Neck Positions Are Dumb, Discuss.

Let’s clear something up before watching the video. There’s been some confusion in the  video comments which, I think, stems from the fact that there’s 2 things often referred to as “Neck Positions”, but only one of these is relevant here. The first is Scale Position – the note of the scale you begin on, (“starting on the 2nd degree of the scale”, for example); the second, and the subject of this video, is Fret Positions – the fret on which you start playing.

Guitar positions are a way of indicating where on the fretboard you play barre chords or scales. It allows you to know what chord voicings a composer wants you to play, or it lets you know if there’s an easier way to approach a lead line, by starting in a position you wouldn’t usually expect to. If I say “A minor, 5th position” everyone knows to play an A minor barre chord rooted to the 5th fret. These can be indicated on notation with roman numerals, but since TAB has become more and more popular it kinda makes the position markings obsolete.

They are, in my opinion, pointless because the number that dictates the position is the same as the fret number. Fret 1 is position 1 for example. So, we could quite easily replace the word “position” with “fret”, everyone would know what we meant and we wouldn’t have to pointlessly throw around extra terms. It’s just unnecessary. For example – could you play “A minor at the 5th position” becomes “A minor at the 5th fret” – easy. If it meant something other than the fret number then it’d make sense. But it doesn’t.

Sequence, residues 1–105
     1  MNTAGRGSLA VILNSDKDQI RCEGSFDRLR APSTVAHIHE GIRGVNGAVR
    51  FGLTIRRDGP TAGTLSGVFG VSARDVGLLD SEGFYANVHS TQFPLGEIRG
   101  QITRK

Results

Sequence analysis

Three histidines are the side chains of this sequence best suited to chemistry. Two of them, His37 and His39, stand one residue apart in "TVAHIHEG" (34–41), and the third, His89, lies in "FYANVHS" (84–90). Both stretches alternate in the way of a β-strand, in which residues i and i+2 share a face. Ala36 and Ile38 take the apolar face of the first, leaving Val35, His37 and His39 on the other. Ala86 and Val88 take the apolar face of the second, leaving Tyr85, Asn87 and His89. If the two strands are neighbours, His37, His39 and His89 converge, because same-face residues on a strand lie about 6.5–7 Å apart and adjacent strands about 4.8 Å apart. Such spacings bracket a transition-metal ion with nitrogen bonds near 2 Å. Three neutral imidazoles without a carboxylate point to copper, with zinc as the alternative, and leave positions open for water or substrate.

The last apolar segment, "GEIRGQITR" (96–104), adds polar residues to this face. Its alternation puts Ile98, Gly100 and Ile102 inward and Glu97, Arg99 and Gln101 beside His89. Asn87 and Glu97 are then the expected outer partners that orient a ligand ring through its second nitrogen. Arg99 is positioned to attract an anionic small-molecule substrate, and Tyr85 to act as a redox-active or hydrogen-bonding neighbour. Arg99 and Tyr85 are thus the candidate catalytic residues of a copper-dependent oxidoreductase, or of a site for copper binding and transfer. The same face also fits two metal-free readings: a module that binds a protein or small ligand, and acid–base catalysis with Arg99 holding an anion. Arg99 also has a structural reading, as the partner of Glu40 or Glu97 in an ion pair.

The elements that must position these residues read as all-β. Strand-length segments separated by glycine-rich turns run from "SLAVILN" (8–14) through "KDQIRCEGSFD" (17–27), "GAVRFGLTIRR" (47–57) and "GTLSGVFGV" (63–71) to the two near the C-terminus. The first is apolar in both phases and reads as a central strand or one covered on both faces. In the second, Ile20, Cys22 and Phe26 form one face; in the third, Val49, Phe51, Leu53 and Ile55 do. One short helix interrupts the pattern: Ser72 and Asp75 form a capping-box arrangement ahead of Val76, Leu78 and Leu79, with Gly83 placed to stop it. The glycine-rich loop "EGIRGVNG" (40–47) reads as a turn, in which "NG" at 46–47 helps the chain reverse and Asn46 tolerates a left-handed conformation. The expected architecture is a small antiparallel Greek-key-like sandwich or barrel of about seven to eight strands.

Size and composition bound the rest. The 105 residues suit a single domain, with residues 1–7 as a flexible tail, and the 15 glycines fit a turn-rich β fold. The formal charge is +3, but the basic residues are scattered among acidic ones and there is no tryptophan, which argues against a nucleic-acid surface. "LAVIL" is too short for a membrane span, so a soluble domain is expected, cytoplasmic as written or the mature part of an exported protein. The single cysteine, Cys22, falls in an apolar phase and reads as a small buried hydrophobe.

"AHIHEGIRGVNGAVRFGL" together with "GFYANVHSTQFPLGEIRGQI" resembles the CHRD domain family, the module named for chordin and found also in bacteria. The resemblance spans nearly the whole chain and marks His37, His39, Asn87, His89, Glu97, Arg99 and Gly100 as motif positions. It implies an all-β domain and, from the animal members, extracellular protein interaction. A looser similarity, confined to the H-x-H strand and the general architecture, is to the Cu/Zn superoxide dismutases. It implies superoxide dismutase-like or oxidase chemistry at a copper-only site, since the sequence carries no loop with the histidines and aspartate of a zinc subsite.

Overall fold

I sometimes use neck positions as a starting point for teaching modes because it allows a student to think about a scale as being something you can play all over the neck, rather than being confined to a box shape. I’ll usually talk about how the Major and Minor scales can be played together, then work out the notes in between. Usually that’s enough for students and is a great basis for building up to the modes, but sometimes I’ll talk about these traditional scale positions for a couple weeks, and then basically replace the position number with the name of the mode.

For example, if we’re in A Minor, we could play 3rd position Am, then start referring to it as G Mixolydian. Similarly, B Major, 4th position becomes G# Aeolian. It makes more sense to refer to modes in terms of how they relate to each other rather than being abstract and separate scales which is how they’re usually taught – maybe not in a classroom, but certainly on the internet. That way is helpful to teaching modulation, but with my method you actually learn how modes are created, how they relate to each other, so when you do start to address modulation you have a much better foundational understanding. It doesn’t seem to have a detrimental affect when we then start talking about modal modulation, which was a concern when I first tried this. I will use the term “open position” when referring to open chords or a scale using open strings, because you can’t say the “0 fret” because it’s not a fret, right?